Vienna, Austria

ESTRO 2023

Session Item

May 13
16:45 - 17:45
Strauss 2
Asa Carlsson Tedgren, Sweden;
Frida Dohlmar, Sweden
Proffered Papers
16:55 - 17:05
Improving HDR brachytherapy needle visibility during US imaging via vibration-induced color-Doppler
Justine Dupere, USA


Improving HDR brachytherapy needle visibility during US imaging via vibration-induced color-Doppler

Justine Dupere1, Eric Brost1, Matthew Urban2, Matthew Hainy3, Christopher Deufel1

1Mayo Clinic, Radiation Oncology, Rochester, USA; 2Mayo Clinic, Radiology, Rochester, USA; 3Mayo Clinic, Biomechanical Development, Rochester, USA

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Purpose or Objective

Ultrasound-guided brachytherapy requires conspicuous applicators for proper applicator placement and accurate digital reconstruction. The conspicuity of brachytherapy applicators during ultrasound (US) prostate brachytherapy may be reduced by the presence of artifacts and tissue interfaces, unintentionally resulting in geometrically inaccurate treatment plans. The US visibility of HDR brachytherapy needles may be improved by including color-Doppler (CD) alongside standard B-mode imaging.  This work describes the development of, and initial results for, a prototype vibrational device that produces a strong and reliable mechanical CD signal that consistently enhances applicator conspicuity.

Material and Methods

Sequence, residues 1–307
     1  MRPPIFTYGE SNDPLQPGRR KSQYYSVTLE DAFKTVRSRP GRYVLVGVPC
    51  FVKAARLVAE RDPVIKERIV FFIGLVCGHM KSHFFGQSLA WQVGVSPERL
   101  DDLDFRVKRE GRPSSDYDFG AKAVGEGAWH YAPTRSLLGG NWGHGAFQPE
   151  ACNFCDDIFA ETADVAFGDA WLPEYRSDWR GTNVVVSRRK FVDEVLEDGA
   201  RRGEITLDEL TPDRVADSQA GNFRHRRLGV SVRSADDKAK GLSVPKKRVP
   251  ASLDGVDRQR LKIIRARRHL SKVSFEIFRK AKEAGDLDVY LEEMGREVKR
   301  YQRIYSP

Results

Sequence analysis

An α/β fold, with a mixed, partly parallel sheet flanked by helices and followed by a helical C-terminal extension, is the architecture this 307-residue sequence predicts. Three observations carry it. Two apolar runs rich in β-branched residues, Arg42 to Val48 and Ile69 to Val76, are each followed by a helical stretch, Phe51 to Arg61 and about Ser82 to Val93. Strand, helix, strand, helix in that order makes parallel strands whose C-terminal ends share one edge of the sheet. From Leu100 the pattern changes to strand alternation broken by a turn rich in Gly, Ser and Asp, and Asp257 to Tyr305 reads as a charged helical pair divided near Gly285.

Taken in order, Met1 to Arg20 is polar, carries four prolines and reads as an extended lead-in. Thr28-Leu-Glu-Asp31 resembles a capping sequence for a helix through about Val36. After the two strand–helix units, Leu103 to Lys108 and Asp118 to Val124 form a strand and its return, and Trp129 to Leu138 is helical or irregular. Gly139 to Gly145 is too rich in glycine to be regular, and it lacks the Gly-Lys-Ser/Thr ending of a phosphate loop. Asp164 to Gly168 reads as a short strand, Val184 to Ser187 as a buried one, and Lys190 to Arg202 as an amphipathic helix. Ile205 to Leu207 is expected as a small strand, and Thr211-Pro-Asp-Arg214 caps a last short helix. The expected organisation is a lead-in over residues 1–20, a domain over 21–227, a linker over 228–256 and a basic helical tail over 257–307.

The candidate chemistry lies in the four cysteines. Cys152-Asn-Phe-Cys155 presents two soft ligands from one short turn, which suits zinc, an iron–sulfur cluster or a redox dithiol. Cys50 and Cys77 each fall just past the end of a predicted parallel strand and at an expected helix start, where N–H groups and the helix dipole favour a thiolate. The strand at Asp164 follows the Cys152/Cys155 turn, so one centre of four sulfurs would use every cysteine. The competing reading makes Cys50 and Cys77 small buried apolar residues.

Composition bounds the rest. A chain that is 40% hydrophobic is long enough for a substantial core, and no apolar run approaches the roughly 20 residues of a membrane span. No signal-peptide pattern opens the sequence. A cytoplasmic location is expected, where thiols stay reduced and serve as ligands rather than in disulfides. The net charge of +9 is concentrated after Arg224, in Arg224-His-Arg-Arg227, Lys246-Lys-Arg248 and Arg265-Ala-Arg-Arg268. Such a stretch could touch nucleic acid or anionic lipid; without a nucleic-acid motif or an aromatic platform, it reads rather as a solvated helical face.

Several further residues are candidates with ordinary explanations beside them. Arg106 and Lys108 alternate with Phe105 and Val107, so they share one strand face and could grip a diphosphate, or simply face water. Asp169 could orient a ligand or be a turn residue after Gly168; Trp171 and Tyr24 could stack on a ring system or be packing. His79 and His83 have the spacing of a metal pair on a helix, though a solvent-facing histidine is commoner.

A device was designed and constructed to introduce vibrations at 300 Hz, <1mm amplitude, in applicators using two different approaches: 1) a stylet attachment, which induces vibration from within the needle, or 2) a click-fit attachment, which induces vibrations from the proximal end of the needle. The device was tested with both attachments using 17gauge titanium HDR brachytherapy needles implanted into a CIRS tissue-equivalent prostate phantom. Images were acquired with a bk3000 US unit with a E14CL4b transrectal probe under B-mode and CD US mode. Needle conspicuity between the two attachments was assessed for various US machine settings. A comparison between mechanical CD signals and the CD twinkling artifact produced by laser-etched patterned needles was performed using a time-averaged absolute velocity spectrum.


The prototype vibrational device consistently produced a strong CD signal that highlighted the implanted brachytherapy needle (Figure 1). The vibration power and US unit gain were optimized to minimize undesirable CD signal produced in regions adjacent to the needle in the phantom.  The mechanical CD signal was robust to artifacts that reduced B-mode visibility regions, up to the point where the B-mode signal was obscured. The stylet attachment was preferred over the click-fit because it generated a more uniform signal throughout the needle body. The mechanical CD signal best demarcated the needle with reduced CD gain, using a needle locked into an implant template with a collet, and with C-mode ROI constrained to the immediate vicinity of the needle. The time-averaged velocity spectrum of the vibrationally-induced CD signal yielded harmonics distinct from the CD twinkling artifacts (Figure 2).


A prototype device was developed to enhance brachytherapy applicator visibility during US-guided procedures.  The device produces a strong, consistent color-Doppler signal by mechanically inducing vibrations in the applicator. In-phantom results were used to demonstrate proof-of-principle and optimize the US imaging parameters to generate a consistent, uniform CD signal that demarcated the needle tip and body, and cadaver testing is ongoing. This device has the potential to assist with applicator placement and digitization in US guided prostate brachytherapy.